June Bloom is a cynical 29-year-old writer's assistant on the late night comedy show, Stay Up with Hugo Best. Hugo Best is in his 60s and is a notorious womanizer. Hugo asks June to come to his mansion in Greenwich for the long Memorial Day weekend. In need of a job and money, confident she can handle herself, but secretly harboring the remains of a childhood crush on Best, June accepts. Stay Up with Hugo Best is an exploration of sexual politics in the #MeToo age and the story of one young woman stumbling into adulthood.

Kings, Queens, and In-Betweens by Tanya Boteju

Kings, Queens, and In-Betweens is about Nima Kumara-Clark, an awkward teen bored of her life in a small community and who is madly in love with a straight girl, all while trying to move past her mother’s unexpected departure. After a bewildering encounter at a local festival, Kumara-Clark finds herself suddenly immersed in the drag scene on the other side of town. Her surprising allies propel Nima hilariously closer to a self she never knew she could be — one that can confidently express and accept love.

City of Girls by Elizabeth Gilbert

No. 1 New York Times best-selling author of Eat, Pray, Love, Elizabeth Gilbert is back with a novel that isn’t about her personal life — it’s set in New York in the ‘40s and is about a group of women theater actors. Told from the perspective of an older woman as she looks back on her youth, City of Girls explores themes of female sexuality and promiscuity, as well as the idiosyncrasies of true love. Written with a powerful wisdom about human desire and connection, City of Girls is a love story like no other that Gilbert writes for her audience out of one of her darkest griefs.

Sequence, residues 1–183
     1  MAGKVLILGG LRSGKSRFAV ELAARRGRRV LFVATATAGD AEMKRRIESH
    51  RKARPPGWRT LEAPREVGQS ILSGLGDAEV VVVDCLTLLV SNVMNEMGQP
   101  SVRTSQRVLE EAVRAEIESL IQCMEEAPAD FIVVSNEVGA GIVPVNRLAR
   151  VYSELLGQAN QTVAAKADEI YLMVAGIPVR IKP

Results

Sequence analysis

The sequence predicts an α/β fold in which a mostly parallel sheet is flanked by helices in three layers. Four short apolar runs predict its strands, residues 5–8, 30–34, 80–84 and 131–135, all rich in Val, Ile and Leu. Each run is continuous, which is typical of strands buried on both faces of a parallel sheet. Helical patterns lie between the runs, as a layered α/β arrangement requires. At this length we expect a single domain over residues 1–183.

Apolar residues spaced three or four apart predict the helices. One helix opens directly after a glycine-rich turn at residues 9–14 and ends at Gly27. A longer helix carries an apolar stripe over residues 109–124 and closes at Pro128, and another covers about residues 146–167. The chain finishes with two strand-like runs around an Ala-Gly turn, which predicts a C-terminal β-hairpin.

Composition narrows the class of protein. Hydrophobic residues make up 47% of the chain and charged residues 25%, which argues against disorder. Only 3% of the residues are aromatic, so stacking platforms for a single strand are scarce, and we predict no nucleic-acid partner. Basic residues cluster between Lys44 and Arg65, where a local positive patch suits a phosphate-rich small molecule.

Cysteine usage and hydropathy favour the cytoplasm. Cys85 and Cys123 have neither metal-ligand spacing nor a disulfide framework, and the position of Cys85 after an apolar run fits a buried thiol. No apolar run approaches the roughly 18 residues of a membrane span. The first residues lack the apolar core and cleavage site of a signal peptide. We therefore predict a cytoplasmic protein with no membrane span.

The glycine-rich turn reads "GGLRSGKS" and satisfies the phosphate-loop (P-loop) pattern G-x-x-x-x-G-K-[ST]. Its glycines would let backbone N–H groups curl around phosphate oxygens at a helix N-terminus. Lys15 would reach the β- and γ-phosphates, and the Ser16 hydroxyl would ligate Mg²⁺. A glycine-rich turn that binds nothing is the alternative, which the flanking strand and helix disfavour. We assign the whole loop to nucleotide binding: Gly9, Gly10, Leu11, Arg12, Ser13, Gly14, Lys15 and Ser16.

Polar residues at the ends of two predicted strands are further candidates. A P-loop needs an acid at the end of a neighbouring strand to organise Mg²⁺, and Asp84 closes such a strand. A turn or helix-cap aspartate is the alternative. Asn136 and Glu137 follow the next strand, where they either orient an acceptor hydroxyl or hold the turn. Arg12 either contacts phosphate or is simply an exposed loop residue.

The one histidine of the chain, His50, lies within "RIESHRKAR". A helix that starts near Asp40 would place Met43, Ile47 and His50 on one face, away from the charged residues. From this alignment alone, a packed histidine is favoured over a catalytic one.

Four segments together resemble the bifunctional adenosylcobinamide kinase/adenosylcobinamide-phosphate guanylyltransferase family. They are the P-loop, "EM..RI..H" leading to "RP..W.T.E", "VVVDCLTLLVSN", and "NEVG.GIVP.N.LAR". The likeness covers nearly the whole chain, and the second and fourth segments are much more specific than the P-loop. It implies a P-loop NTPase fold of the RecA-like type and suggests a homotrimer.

The Bride Test by Helen Hoang

The Bride Test features an autistic lead character, Khai Diep. Diep swears he’s “defective” and can’t fall in love, so he lets his mother find him a bride from Vietnam named Esme Tran. When the opportunity arises to come to America and meet a potential husband, Esme thinks this could be the break her family needs, but she becomes smitten with a man who’s convinced he can never return her affection. The novel may be a tear-jerker, but you can blame the crying on all the spring pollen in the air.

@BayleeDeMuth

bd575016@ohio.edu